The evolution of nuclear structure to extreme values of angular momentum continues to provide fascinating and surprising results. Our work at the extremes of angular momentum probes competing modes of nuclear excitation and the rich variety of shapes that can occur.
Over the past decade, two exotic nuclear-structure features have captivated the interests of both experimentalists and theorists in the heavy (mass 160) rare-earth region of the nuclear chart. One is the observation of ultrahigh-spin bands , which elucidate the highest angular momentum ever observed in a quantum system (70ħ) . The other is evidence for a wobbling mode of rotation that is associated with the rotation of an asymmetrically shaped object .
Nuclear wobbling motion was initially discussed by Nobel Prize winners Bohr and Mottelson, who showed that this type of rotation can only occur for a triaxially deformed nuclear shape with distinct long, short, and intermediate principal axes. In this wobbling mode the nucleus rotates around the principal axis having the largest moment of inertia and this axis executes harmonic oscillations (precesses) about the space-fixed angular momentum vector. Its analogue in classical mechanics is the motion of an asymmetric top. Our work has established such nuclear wobbling motion in lighter mass 130  and mass 100  nuclei.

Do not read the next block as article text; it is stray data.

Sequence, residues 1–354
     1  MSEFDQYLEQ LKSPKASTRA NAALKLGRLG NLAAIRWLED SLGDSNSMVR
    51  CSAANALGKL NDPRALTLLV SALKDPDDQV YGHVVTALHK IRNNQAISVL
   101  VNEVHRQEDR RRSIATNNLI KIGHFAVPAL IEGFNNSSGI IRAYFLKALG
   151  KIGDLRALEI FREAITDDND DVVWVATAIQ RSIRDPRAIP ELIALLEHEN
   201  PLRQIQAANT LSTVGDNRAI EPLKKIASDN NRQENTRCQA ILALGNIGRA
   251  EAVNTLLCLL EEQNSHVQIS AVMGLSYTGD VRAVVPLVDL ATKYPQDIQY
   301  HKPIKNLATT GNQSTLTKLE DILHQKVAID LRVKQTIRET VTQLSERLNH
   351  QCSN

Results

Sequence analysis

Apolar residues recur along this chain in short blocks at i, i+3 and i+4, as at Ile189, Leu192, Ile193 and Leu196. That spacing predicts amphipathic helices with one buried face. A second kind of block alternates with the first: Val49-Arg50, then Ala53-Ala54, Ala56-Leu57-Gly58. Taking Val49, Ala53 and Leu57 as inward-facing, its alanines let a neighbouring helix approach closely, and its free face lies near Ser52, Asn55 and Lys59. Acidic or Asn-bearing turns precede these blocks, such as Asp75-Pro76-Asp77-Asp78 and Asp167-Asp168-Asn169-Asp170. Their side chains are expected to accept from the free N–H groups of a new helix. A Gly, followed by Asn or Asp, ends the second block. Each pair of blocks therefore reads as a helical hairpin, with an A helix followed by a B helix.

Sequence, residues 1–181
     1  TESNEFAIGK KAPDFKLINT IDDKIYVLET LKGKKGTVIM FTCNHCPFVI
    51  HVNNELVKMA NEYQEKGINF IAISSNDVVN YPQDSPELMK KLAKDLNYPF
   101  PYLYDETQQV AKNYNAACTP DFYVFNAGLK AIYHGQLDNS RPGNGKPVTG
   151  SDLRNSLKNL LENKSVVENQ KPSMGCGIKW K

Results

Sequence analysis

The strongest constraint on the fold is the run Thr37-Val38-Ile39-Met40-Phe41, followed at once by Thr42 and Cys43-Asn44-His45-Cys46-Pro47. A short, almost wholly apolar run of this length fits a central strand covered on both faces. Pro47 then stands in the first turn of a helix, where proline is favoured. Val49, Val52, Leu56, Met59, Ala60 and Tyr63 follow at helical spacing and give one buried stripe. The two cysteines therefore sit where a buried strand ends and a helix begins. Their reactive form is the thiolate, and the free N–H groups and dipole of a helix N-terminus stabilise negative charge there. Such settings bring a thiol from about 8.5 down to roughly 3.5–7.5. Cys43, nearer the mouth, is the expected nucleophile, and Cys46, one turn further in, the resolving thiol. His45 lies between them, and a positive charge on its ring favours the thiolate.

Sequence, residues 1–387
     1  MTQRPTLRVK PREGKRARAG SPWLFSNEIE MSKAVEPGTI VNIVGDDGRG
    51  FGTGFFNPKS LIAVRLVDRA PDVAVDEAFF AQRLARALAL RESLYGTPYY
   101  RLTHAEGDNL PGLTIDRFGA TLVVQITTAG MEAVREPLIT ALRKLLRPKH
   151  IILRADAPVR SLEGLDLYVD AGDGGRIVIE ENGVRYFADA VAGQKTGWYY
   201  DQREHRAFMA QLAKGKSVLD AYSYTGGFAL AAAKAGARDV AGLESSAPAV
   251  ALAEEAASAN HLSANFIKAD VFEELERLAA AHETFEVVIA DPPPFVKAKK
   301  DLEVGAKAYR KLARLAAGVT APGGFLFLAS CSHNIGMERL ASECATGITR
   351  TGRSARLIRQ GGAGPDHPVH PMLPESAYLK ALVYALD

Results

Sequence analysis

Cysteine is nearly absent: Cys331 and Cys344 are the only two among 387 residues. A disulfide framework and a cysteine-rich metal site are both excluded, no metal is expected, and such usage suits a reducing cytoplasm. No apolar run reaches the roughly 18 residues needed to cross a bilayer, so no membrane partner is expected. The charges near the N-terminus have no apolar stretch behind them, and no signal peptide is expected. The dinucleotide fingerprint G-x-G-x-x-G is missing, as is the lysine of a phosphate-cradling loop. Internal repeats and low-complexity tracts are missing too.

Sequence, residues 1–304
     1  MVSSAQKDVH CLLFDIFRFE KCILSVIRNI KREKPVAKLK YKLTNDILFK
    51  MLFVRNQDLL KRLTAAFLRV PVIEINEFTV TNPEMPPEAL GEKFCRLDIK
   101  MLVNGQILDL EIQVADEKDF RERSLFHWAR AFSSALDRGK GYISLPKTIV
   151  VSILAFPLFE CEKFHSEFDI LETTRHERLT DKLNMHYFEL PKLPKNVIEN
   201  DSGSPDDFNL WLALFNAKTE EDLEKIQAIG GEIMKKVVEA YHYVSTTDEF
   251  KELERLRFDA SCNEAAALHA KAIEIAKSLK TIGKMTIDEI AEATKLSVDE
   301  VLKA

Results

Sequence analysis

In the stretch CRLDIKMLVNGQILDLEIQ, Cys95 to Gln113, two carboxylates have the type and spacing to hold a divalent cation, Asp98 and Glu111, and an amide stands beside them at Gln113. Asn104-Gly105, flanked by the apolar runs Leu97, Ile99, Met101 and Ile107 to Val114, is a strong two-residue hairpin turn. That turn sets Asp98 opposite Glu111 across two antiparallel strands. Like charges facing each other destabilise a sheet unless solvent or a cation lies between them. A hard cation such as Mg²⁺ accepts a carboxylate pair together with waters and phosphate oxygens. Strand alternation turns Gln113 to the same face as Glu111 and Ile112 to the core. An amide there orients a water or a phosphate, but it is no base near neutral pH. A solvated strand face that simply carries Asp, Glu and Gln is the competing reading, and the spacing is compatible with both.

Our lifetime measurements of states in the ultrahigh-spin bands of the mass 160 region imply that they possess unexpectedly large quadrupole deformations [6.7]. Indeed, these bands have been interpreted to correspond to the rotation of an elongated triaxial nucleus with enhanced deformation [6-8]. Thus it is possible that these triaxial nuclei can wobble at ultrahigh spin and this is indeed the focus of our future research using the next generation of highly efficient multidetector gamma-ray spectrometers such as AGATA and GRETA.
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